Top of pagePrevious messageNext messageBottom of page Link to this message  By Fred Miller, Sequim WA on Thursday, June 26, 2014 - 01:42 am:

Vaporizers were introduced during a time in our history when there were lax standards for making Gasoline. This resulted in lots of poor quality fuel especially bad in 1924 and lasted until mid 1927 when several states and then the Federal Government stepped in with standards (SAE) and inspections for the petroleum industries. This is why the Vaporizer use ended with Ford around 1928.
Finally Gasoline became a better quality that could be counted on and the Vaporizers were no longer needed.


Top of pagePrevious messageNext messageBottom of page Link to this message  By James A. Mahaffey on Thursday, June 26, 2014 - 09:07 am:

Gutless performance of a Model T engine is not unusual, there are many possible factors involved, and it can be remedied. It could well be the fault of the vaporizer carb. The free-swinging air-gate behind the choke butterfly, for example, can be stuck in one position, and this definitely affects performance. No matter how beautifully restored it is on the outside, the insides of the vaporizer must be operating up to specs.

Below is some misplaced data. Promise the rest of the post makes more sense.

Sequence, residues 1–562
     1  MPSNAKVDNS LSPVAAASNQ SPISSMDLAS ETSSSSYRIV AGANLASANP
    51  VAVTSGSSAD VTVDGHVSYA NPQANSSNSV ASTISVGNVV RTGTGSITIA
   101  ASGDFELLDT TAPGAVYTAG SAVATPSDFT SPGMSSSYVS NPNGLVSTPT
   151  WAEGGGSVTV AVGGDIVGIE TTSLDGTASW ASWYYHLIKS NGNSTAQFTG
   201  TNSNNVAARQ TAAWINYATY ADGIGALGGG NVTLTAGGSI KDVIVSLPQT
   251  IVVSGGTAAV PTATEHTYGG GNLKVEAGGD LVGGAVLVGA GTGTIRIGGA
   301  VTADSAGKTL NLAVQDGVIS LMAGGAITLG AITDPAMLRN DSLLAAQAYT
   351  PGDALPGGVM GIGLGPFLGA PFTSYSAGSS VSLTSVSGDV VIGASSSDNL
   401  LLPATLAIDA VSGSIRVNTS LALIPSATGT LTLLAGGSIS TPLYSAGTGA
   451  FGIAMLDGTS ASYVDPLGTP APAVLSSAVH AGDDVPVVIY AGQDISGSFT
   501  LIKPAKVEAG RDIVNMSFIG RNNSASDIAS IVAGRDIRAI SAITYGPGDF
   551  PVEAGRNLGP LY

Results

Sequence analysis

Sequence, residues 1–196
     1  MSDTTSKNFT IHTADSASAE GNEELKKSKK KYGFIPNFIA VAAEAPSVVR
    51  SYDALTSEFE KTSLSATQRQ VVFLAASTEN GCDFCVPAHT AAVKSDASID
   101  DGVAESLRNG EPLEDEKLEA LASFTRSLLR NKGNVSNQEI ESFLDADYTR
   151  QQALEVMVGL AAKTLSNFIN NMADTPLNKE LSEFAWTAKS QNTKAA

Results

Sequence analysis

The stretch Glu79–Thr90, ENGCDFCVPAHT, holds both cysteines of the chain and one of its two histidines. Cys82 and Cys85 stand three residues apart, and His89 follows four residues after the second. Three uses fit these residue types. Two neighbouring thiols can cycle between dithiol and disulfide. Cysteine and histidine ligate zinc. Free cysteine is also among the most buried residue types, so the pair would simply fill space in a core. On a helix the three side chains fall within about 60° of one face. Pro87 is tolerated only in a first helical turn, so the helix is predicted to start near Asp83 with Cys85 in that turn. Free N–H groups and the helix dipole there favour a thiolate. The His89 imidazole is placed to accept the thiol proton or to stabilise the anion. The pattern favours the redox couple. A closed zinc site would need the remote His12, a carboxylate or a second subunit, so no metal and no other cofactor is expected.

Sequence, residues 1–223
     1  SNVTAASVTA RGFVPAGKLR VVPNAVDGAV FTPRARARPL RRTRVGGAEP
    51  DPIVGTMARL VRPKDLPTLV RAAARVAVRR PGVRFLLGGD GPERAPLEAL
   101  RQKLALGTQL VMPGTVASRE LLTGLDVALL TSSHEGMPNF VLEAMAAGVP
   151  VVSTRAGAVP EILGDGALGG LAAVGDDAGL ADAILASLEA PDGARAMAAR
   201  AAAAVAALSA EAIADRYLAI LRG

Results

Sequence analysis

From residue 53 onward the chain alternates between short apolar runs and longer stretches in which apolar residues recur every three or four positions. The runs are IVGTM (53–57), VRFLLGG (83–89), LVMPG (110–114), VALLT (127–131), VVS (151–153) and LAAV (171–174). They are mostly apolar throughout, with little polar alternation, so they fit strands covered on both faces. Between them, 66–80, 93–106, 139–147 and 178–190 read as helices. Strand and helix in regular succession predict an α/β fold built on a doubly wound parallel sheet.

For a 26-27 Improved Car, I will put up with a lot of fussiness in the vaporizer just for a sense of authenticity and novelty. but in a late-teens, there's no question: Install an NH! They are cheap, simple, reliable, easy to restore and set up, they do not detract from the engine's performance, and they look correct on the car.

In my 27 tudor, I am thrilled to have a Kingston B-1 vaporizer. It's as exotic as a Model T carburetor can get without being an aftermarket unit. It would look strange on a late-teens car.

Jim


Top of pagePrevious messageNext messageBottom of page Link to this message  By Val Soupios on Thursday, June 26, 2014 - 09:25 am:

James is right on. I run the Vaporizer for authenticity and that is why I switched over from the NH that was on the car. I put up with it's issues but would never select it as the carburetor of choice on a car that did not originally come with one.


Top of pagePrevious messageNext messageBottom of page Link to this message  By Randy Glowacki on Thursday, June 26, 2014 - 06:06 pm:

I have an original vaporizer on my 1927 Roadster. I think I may be one of the few people in the hobby who have not had trouble with it. It starts really well when cold. It's harder to start when warm, but I do get free starts at that time also. I will continue to keep it for now.


Top of pagePrevious messageNext messageBottom of page Link to this message  By Val Soupios on Thursday, June 26, 2014 - 09:33 pm: